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Utah lawmakers to vote on new state flag 

A four-year effort to retire the state's "S.O.B." banner nears its end.

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When Layton Republican Rep. Steve Handy was approached years ago by constituents about updating the Utah state flag, they began with a simple question: What did he think of the current one?

"My answer was 'I don't think anything about it'," Handy recalled. "It's just there."

Utah's current flag is a busy hodgepodge of state and national imagery, largely consisting of the Utah State Seal—a beehive, shield, arrows, a bald eagle, twin U.S. flags, sego lilies and the numbers "1896" and "1847"—emblazoned upon a blue field. The design is virtually indistinguishable at a distance (like, say, the bottom of a flag pole?) from dozens of other state flags, giving birth to the pejorative phrase "Seal on a Bedsheet"—or "S.O.B."—from a vocal cohort of flag enthusiasts.

Handy's response (that the flag is merely there) is similar to what most Utahns are likely to say when pressed on the Beehive State's flag—or at least what they would say until they find out it is (potentially) about to change. Because as Handy learned up close in the four years since proposing a state flag task force to consider new designs, the sure-fire way to get people to care deeply about their state flag is to suggest it needs improvement.

"It was surprising to me, the immediate pushback and resistance," Handy said. "It just goes to show you that human beings don't like change."

The task force Handy created recently completed its work, which included multiple rounds of public surveys to first identify the symbols, colors and concepts broadly prioritized by Utahns, then to solicit design proposals from amateur "vexillologists"—those who study flags—and finally to collect feedback on roughly two dozen design candidates. Task force staff then constructed a final design, which was adopted by the panel's members—including Gov. Spencer Cox and Lt. Gov. Diedre Henderson—and sent to the Legislature for their consideration.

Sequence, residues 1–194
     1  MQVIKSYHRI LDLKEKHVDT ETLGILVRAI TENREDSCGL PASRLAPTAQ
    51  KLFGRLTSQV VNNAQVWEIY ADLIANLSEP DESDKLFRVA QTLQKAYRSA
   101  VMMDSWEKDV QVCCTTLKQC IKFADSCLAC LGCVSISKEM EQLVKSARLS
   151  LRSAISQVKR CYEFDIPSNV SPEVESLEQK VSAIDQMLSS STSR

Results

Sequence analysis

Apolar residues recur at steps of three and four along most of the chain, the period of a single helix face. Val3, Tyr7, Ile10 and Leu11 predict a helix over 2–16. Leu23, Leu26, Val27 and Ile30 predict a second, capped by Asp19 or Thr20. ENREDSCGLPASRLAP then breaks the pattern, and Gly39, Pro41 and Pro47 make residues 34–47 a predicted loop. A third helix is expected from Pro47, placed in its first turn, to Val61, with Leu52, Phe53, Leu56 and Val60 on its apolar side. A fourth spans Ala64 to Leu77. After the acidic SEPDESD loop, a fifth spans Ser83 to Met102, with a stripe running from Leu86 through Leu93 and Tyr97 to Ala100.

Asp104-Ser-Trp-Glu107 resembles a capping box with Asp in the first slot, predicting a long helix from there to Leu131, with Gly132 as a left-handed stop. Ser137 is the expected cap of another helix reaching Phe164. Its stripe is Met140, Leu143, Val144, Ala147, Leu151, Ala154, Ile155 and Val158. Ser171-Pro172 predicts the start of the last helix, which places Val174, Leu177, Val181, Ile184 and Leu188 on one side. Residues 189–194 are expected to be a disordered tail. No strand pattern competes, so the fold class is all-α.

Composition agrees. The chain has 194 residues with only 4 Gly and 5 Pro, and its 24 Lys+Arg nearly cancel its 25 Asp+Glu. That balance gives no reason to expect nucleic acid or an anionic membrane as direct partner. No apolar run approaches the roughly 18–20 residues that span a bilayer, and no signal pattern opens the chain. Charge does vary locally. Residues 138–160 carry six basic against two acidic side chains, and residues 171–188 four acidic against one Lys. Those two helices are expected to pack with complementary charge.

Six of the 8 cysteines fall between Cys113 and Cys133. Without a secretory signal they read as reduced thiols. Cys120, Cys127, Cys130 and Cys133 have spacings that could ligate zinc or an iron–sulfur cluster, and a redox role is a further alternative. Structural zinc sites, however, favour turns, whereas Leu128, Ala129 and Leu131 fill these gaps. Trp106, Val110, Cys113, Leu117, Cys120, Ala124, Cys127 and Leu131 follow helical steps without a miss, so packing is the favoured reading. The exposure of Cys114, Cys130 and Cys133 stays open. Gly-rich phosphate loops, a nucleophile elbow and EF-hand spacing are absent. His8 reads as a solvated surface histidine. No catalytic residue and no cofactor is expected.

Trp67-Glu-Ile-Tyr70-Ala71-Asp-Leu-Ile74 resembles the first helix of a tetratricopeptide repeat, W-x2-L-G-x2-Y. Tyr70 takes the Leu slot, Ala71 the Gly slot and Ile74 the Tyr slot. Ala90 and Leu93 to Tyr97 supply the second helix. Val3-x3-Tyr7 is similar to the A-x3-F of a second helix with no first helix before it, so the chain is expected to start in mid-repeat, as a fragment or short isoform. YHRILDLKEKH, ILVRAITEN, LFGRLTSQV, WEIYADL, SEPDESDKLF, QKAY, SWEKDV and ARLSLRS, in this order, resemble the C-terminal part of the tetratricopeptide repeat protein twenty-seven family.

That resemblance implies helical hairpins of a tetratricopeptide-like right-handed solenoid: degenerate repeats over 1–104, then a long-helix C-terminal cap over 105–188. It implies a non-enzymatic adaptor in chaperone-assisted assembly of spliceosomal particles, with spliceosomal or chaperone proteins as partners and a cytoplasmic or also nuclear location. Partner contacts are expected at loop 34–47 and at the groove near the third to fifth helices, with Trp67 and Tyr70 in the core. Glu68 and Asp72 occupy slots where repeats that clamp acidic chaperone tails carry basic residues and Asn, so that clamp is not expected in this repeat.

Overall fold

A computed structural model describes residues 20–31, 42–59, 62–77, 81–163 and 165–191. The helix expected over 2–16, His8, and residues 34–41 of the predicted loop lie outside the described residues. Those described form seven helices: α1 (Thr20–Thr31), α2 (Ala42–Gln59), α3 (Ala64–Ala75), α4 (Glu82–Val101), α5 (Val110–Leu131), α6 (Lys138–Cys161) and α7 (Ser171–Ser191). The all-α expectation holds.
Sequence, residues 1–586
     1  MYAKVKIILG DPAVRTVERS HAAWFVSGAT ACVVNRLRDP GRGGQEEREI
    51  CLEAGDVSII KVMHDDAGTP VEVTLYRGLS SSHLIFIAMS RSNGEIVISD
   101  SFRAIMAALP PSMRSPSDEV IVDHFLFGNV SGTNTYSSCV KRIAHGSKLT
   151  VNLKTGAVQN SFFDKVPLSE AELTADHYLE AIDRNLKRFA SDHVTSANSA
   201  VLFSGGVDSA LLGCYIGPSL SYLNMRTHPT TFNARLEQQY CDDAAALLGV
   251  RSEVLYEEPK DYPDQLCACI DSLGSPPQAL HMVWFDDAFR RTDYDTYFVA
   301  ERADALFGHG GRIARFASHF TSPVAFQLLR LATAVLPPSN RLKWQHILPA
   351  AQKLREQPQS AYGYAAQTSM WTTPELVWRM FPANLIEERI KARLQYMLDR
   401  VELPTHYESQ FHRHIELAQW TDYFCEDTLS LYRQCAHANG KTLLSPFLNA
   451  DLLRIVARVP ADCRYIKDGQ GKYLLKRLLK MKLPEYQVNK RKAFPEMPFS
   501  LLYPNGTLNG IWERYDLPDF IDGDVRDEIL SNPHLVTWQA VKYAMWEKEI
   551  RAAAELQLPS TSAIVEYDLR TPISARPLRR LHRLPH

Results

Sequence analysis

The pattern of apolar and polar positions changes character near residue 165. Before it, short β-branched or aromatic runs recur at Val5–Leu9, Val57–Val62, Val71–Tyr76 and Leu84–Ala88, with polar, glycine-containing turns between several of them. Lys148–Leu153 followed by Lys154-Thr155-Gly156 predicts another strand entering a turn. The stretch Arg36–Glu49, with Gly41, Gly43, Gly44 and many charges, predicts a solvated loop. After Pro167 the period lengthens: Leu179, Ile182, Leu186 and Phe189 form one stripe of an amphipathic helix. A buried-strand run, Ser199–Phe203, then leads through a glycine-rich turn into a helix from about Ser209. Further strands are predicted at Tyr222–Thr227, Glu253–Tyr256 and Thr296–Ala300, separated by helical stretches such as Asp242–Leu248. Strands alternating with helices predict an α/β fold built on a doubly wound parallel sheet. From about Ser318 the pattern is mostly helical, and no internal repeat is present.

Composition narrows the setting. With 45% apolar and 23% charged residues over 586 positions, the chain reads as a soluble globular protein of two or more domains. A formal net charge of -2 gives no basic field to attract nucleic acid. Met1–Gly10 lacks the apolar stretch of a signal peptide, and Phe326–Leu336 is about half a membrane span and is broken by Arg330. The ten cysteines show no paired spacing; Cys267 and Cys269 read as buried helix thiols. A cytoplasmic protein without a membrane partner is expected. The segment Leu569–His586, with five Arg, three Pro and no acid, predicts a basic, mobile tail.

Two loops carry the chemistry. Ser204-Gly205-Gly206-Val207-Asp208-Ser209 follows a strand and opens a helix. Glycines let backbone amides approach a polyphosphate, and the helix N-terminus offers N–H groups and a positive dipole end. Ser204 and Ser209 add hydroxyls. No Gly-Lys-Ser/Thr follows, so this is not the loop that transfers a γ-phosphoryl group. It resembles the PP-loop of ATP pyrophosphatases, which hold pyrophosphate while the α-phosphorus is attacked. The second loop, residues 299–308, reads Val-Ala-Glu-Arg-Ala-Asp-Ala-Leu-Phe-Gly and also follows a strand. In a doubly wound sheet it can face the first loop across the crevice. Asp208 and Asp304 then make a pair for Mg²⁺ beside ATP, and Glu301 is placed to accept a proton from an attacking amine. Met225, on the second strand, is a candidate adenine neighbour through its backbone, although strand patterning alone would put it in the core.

The new flag design evokes the traditional version, with a central, hexagonal space containing a simplified beehive and an 8-pointed star representing the state's federally recognized Indigenous tribes. Around the hexagon, a blue sky lies above the zig-zag peaks of a snowy white mountain range, with a red rock canyon along the flag's lower third.

"Without creating a flag-by-committee, we've tried to be really methodical and conscientious," Handy said. "It will take time. It will take some years for people to embrace this."

In November, an interim committee narrowly supported legislation formally adopting the new flag, placing the bill on an accelerated—but far from guaranteed—path ahead of the legislative session in January.

"The momentum is certainly there," said Handy who, after the 2022 elections, will not be in the chamber to carry the bill across the finish line. "The challenge will be in the House, needing 38 votes."

But the proposal is likely to benefit from bipartisan support. Flag design can hardly be described as a liberal or conservative issue, although opponents have attempted to paint the effort as an example of "cancel culture" and the "woke mob" coming for the state's history of Latter-day Saint settlement.